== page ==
38. A system as in any of claim 36 or 37, wherein the system has eight electrodes which correspond to the standard electrode positions of I, II, V1, V2, V3, V4, V5 and V6.
39. An implantable medical device which measures characteristics of ventricular operation of a patient's heart in accordance with any of the methods of claim 1, 3, 4, 5, 6, 14, 15, 16, 17, 19, 20, 21, 33 or 22, comprising a plurality of electrodes for sensing a plurality of electrical signals in different spatial positions in, on or near to a patient's heart to monitor the propagation of depolarisation and repolarisation waves originating in the patients heart, and a microprocessor for processing the plurality of electrical signals to measure a characteristic of ventricular operation, and to generate an output signal corresponding to said measured characteristic.
40. An apparatus as in claim 39, wherein the apparatus is at least one of:
f) a pacemaker or pacemaker-cardioverter-defibrillator having a pacing rate which is controlled in response to the calculated characteristic of ventricular operation;
g) a cardioverter or a defibrillator, the operation of which is controlled in response to the calculated characteristic of ventricular operation;
h) a monitor for detecting abnormalities in ventricular repolarisation, the device preferably being able to trigger a warning signal when the calculated characteristic of ventricular operation is within certain limits;
i) a monitor for measuring changes in the autonomic system of a subject, the device preferably being able to trigger a warning signal when the calculated characteristic of ventricular operation is within certain limits; and/or
j) a device for controlling a drug dispensing pump.
41. A computer program, comprising software code portions for performing the method as claimed in any of claim 1, 3, 4, 5, 6, 14, 15, 16, 17, 19, 20, 21, 33 or 22, a computer program product which is directly loadable into the internal memory of a digital computer, comprising software code portions for performing said method, a microprocessor which is programmed with software code portions for performing said method, or a digital computer which is programmed with software code portions for performing said method.
Description
FIELD OF THE INVENTION

The present inventions relate to methods of characterising ventricular operation. In particular, but not exclusively, they relate to a system for quantifying abnormalities of an electrocardiogram and to a method and an apparatus for measuring such abnormalities. The present inventions also extend to an operating system for a computer, to a computer program and to media having stored thereon a computer program for putting the inventions into effect. Other applications include use of the algorithms in pacemakers and heart monitors. The inventions share a common link of characterising differences in the wavefront of the repolarisation wave.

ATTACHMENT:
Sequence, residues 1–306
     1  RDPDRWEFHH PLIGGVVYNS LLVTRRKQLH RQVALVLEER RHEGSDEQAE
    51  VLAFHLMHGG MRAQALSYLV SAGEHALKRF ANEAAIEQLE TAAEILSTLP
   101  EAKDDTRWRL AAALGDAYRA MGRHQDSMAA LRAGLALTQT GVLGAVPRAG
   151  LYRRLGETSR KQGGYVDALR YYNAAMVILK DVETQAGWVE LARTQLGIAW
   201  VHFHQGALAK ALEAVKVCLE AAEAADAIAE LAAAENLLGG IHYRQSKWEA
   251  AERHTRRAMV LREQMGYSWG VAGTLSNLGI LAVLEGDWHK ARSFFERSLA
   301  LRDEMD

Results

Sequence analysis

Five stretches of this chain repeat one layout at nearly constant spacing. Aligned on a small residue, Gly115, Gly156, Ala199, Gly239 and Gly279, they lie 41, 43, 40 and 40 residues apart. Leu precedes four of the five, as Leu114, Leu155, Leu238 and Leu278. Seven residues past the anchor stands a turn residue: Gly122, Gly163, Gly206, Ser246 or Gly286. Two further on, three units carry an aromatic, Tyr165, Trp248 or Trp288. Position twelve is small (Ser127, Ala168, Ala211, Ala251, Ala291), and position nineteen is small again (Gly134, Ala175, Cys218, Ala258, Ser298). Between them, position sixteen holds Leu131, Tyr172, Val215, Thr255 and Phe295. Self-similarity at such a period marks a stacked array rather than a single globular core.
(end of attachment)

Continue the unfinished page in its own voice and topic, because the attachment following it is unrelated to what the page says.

BACKGROUND OF THE INVENTION

Electrocardiographic patterns of the heart's movements have been well studied. An electrocardiogram (ECG) records the changes in electrical potential associated with the spread of depolarisation and repolarisation through the heart muscle. In a normal healthy patient, depolarisation starts in an area of the right atrium called the sinoatrial node and spreads through the atrioventricular node and into the ventricular muscle via specialised conduction tissue, causing the two atria and the two ventricles to contract. During repolarisation, the atria and ventricles relax and refill with blood. The depolarisation of the atria is responsible for the P wave of an ECG and depolarisation of the ventricles results in the QRS complex. Repolarisation of the atria coincides with the QRS complex so it is not seen. Repolarisation of the ventricles, however, is seen as the T wave.

ECG's are typically recorded using a standard arrangement of 12 leads, 6 (the I, II, III, VR, VL, VF leads) looking at the heart in different directions in an approximately vertical plane of a body in an upright position and 6 (the V1, V2, V3, V4, V5 and V6 leads) looking at the heart in different directions in an approximately horizontal plane. Using such an arrangement of leads, the spread of the waves of electrical potential associated with depolarisation and repolarisation through the three dimensional space of the body, can be recorded.

The spread of these waves through the heart is often described by vectors. For example, the average direction of spread of the depolarisation wave through the ventricles as seen from the front of the body is called the cardiac axis and the direction of this axis has long been used to indicate different abnormalities of the heart.

To study abnormalities associated with ventricular repolarisation, a number of data processing techniques have been proposed to measure, for example, the QT interval, i.e. the interval between the beginning of depolarisation and the end of repolarisation of the ventricles. Interlead variability of the QT interval durations in standard 12 lead ECG recordings has also been studied. However, whilst these measurements may provide some diagnostic assistance, concerns have been raised about the poor reproducibility of results.